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We've been drawn back to the bonnie banks of the Clyde
for a second visit to Glasgow's Kelvingrove Museum and Art Gallery.
Glaswegians are very fond of Kelvingrove.
For one thing, it's free!
It also seems to have a special attraction for courting couples,
who come here and exchange childhood memories of the place.
Later on, they bring their own children
and then later on they bring theirs, and so it goes.
And everyone seems to have their own favourite exhibit.
Sir Roger the elephant has been a star of the place
since the doors first opened in 1901.
There are plenty of reminders of Glasgow's great names.
This gallery celebrates architect and designer
Charles Rennie Mackintosh,
who created what became known the world over as the Glasgow Style.
He not only produced some fine homes for his home town
but he also designed what went in them.
This display features a group of young tearaways
known as the Glasgow Boys,
who rocked the art world back in the late 19th century
by turning their back on classical themes.
They worked in the big outdoors
and brought a natural realism to British painting.
Kelvingrove recently reopened after three years of renovation
costing £30m. There are some bold new exhibits,
including this airborne display of faces made of fibreglass.
And, back again after 13 years in exile,
Salvador Dali's Christ of St John of the Cross,
voted Scotland's favourite painting.
No wonder this is just about
the most popular cultural attraction in Britain,
not counting the Antiques Roadshow, of course.
A Scotchman with very nice knobbly knees...
And all kinds of other nationalities in presumably their national costume.
Tyrolese, Persian, Arabian...
And starting off here with a Sandwich Islander
and that sort of gives us a clue,
because the Sandwich Islands is actually what we know as Hawaii.
-So this was before Hawaii was called Hawaii.
But what goes with this is something else, which is a little tiny globe.
That's the box that it comes out of.
And on the globe are all the various countries,
presumably, that these figures relate to.
So what was your association with it?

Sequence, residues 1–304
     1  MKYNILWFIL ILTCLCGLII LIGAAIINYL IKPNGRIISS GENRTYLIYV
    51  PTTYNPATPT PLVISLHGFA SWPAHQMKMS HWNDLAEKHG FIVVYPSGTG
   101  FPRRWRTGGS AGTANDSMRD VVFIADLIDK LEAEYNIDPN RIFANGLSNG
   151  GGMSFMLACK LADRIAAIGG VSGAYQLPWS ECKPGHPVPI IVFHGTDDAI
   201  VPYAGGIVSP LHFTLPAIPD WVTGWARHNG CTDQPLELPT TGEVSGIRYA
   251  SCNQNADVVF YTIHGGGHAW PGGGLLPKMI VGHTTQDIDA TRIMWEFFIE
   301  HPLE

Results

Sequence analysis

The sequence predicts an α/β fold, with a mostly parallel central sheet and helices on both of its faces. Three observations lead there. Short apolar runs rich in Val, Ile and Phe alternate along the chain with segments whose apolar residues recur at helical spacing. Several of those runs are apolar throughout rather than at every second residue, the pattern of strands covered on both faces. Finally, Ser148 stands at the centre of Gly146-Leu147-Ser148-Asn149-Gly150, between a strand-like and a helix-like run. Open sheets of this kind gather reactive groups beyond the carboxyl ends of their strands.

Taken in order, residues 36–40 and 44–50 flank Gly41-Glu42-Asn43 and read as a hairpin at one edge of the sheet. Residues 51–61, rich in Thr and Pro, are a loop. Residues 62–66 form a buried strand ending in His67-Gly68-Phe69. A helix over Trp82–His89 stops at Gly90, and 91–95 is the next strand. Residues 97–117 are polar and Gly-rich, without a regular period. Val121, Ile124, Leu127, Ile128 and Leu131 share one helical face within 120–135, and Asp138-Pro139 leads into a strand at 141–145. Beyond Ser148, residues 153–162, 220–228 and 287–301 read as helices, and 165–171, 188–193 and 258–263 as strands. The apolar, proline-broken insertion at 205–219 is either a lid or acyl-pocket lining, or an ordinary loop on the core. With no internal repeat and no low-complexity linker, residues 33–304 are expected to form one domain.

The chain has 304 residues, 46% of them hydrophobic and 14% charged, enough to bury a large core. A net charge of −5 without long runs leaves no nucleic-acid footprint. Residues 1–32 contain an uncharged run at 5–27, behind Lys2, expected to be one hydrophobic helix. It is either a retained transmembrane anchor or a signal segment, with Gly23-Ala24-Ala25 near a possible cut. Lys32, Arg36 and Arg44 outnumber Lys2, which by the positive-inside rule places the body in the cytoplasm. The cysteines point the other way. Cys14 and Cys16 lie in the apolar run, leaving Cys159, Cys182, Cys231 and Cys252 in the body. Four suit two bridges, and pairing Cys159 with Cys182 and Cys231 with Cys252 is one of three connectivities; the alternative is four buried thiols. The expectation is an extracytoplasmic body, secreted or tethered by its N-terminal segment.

I inherited it from my aunt.
She gave me a corner cupboard and that was in the corner cupboard
and we always wondered how old it was.
The first thing I do is to turn to Australia and see whether
it's actually drawn in full, because on some early globes
it's before they found out what was happening
on the other side of Australia, and you only get half of it.
Here it's been circumnavigated, so we know that it's after Cook's journeys.
-But it's still called New Holland...
-..so that limits the date to,
I would have thought,
sort of 1810-1820, and if one looks -
I'm just going to pop that back in its little box -
if we look at the way that the Englishman was dressed here,
-you can see he looks like a sort of Regency buck, doesn't he?
-There's something of the Mr D'Arcy about him.
So, you know, Jane Austen... Roughly the same period.
Is it something that you've enjoyed looking at?
Yes, it's something you bring out and show to friends
and they say, "Where did you get it?"
You say, "Well, it was in the corner cupboard!"
-Anything else in that corner cupboard?
Oh, I can see you're going to wait
until we come back to Glasgow again to show us what else is in there.
I'll warn you before you come.
Well, it's a valuable little thing.
I mean, it's actually a game called The Earth And Its Inhabitants.
And these little hand-coloured illustrations
were intended, really, to help children to learn.
I mean this was a time when children, for the first time,
it was realised they could learn through play,
and instead of learning by rote, they learnt through amusement.
But it isn't just an amusement, because it's valuable too,
and even though this is a tiny little globe
and it's not in brilliant condition,
I still think we're talking about between £500 and £800.
I beg your pardon?!
I think this little jug bears quite close inspection.
Do you know why?
I think possibly something to do with the date on the handle.
-There is a date on the handle.
-Yes, it's fairly old.
Moulded in relief on the handle.
And what does that date say?
-Well, I think...
Yes, I'm not... It's whether it's '91 or '71...
I mean you can't possibly believe that this jug was made in 1571?
I know. I find it difficult to believe.
Cos that would make it 435 years old.
-That would be quite something!
It would indeed, yeah. Because of the workmanship in it too.
-You've got this sort of bellied form, I suppose, a globular form,
which is I think moulded with flutes that have then been cut at angles.
Cut out each one.
-It's almost like sort of diamond-cut glass. It's fantastic.
It's a stoneware body, so it's a really hard, white body.
That's wonderful as well, isn't it?
-It's got a silver mount on it. It's got rather tarnished.
But you've had it for some time?
Yeah, it came into the family through a great-aunt...
-..of my husband's.
-And it's been there ever since.
Well, I'm very, very pleased to tell you that 1571, it really is.
-Gosh, that's wonderful.
-It's 435 years old.
Isn't that lovely?
-I mean, just a great thing to find at the Roadshow.